The Singapore-China strategic partnership is worth keeping
Syed Munir Khasru says despite tensions over the South China Sea, the two are continuing their cooperation to spur development, not least through China’s belt and road. A good relationship would serve both countries well
When Singapore announced last month that Chinese Premier Li Keqiang (李克強) will pay a visit to the island nation, the news was widely seen as a sign that tensions between the two countries were easing. Their relations took a dive last year over Singapore’s stance on the South China Sea disputes involving China and some of the other Asean countries.
In November, Beijing protested against Singapore’s military exercises with Taiwan, after Hong Kong customs impounded nine Singapore armoured personnel carriers in transit from Taiwan after military exercises.
With the dent in relations, China has started looking more towards countries like Malaysia and the Philippines. And with China building its own training capabilities, dependence on Singapore for capacity building in governance is also waning.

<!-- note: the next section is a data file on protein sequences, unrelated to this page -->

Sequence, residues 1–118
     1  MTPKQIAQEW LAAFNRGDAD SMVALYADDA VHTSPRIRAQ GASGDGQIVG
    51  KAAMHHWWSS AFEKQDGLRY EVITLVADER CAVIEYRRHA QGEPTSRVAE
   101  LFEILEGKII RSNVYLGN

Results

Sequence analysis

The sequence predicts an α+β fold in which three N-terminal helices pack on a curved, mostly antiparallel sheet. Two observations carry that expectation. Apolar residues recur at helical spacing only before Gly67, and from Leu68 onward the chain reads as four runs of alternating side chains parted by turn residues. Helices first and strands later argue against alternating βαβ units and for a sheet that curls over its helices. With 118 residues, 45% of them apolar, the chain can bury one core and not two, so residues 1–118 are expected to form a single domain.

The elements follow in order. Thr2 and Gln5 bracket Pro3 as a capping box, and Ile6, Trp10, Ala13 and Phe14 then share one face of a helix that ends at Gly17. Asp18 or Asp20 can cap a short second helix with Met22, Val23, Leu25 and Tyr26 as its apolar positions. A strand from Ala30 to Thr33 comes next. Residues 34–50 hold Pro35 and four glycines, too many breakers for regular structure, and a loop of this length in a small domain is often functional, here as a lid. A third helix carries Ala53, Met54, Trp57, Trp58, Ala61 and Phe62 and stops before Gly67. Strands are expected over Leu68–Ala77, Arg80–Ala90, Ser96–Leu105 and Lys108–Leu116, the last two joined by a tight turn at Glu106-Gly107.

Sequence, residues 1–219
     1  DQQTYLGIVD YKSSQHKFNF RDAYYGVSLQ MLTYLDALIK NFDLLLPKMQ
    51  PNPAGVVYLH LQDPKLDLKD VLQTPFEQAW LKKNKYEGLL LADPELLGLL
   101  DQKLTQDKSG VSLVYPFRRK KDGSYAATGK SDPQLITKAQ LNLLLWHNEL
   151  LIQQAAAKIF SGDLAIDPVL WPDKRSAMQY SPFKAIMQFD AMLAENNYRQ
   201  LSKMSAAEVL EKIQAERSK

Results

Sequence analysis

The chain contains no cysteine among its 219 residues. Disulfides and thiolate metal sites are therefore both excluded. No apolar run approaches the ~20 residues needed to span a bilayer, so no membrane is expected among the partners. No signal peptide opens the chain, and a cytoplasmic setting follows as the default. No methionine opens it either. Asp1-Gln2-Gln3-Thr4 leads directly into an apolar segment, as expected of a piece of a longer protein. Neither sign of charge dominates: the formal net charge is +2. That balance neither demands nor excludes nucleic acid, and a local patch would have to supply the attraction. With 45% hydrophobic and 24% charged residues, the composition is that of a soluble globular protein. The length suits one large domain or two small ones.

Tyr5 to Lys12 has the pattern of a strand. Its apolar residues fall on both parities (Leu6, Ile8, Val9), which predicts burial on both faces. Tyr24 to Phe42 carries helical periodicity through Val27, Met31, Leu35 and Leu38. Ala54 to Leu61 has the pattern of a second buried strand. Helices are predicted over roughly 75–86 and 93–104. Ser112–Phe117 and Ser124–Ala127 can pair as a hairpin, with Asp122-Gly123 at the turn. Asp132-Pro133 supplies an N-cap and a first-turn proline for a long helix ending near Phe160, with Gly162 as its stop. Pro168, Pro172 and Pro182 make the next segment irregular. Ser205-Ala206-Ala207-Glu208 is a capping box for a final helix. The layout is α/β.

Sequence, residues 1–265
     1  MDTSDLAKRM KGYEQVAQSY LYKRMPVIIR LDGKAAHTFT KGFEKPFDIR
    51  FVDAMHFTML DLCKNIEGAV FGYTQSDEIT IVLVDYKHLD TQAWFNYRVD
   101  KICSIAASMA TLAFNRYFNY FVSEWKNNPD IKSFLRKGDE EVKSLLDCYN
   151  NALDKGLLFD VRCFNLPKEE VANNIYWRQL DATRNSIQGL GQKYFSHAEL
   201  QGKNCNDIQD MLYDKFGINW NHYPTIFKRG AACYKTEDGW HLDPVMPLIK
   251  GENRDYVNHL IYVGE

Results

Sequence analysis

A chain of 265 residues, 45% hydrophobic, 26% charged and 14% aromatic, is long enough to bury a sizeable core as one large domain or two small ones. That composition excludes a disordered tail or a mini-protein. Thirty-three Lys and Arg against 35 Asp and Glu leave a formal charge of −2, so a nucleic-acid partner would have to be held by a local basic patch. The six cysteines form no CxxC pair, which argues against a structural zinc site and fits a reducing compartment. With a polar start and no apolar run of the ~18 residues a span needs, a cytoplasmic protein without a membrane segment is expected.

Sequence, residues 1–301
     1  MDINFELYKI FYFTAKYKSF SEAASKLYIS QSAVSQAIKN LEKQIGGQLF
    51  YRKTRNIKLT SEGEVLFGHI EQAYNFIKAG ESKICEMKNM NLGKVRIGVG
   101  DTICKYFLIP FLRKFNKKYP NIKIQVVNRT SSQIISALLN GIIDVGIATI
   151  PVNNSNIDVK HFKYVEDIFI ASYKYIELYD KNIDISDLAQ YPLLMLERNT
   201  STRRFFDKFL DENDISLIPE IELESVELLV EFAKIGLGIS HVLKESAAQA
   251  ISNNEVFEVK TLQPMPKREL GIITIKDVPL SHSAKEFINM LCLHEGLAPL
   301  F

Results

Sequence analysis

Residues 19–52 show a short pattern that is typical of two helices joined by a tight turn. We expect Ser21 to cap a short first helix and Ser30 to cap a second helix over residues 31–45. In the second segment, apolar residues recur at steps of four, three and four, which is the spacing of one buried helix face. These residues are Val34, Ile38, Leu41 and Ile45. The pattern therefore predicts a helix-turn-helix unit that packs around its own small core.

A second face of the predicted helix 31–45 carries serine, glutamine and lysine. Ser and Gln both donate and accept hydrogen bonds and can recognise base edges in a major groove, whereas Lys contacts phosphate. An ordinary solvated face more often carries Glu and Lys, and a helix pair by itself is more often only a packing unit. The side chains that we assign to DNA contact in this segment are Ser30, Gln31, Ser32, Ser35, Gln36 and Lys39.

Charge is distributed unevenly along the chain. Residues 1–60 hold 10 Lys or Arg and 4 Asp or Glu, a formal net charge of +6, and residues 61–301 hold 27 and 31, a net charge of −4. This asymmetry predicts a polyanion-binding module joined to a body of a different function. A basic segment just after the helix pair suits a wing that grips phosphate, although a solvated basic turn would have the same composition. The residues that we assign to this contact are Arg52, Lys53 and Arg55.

But the ties between the two run deep. As recently as 2015, China and Singapore celebrated the 25th anniversary of their diplomatic ties. And Singapore has played a key role in relations between China and the Association of Southeast Asian Nations.
China was Singapore’s top trading partner in 2015, while Singapore was China’s largest foreign investor. In November 2015, Singapore also hosted the dialogue between President Xi Jinping ( 習近平 ) and then Taiwanese president Ma Ying-jeou.
Although Singaporean Prime Minister Lee Hsien Loong’s absence from the Belt and Road Forum in Beijing in May raised questions, the city state’s deputy prime minister, Teo Chee Hean, emphasised that Singapore will continue to support “China’s peaceful development and constructive engagement in the region”.
In fact, Singapore was one of the first counties to support the Asian Infrastructure Investment Bank and 60 per cent of the earlier belt and road projects implemented in Asean countries were financed by Singapore.
In a meeting last week in Hamburg between Xi and Lee, prior to the G20 Summit, the two leaders discussed Singapore’s role in the Belt and Road Initiative, and closer economic ties through an improved free trade agreement.
Singapore is now confronting a reality that has seen the Trans-Pacific Partnership shelved, the US “pivot to Asia” policy revoked, and uncertainty over the impact of the Donald Trump presidency on Asia. With rising Chinese influence, much is at stake for Singapore considering the love lost in recent times.
For both Singapore and China, there is still much value in having a strategic partnership that, in the past, has served them both well.
Syed Munir Khasru is chairman of the international think tank, The Institute for Policy, Advocacy, and Governance (IPAG). firstname.lastname@example.org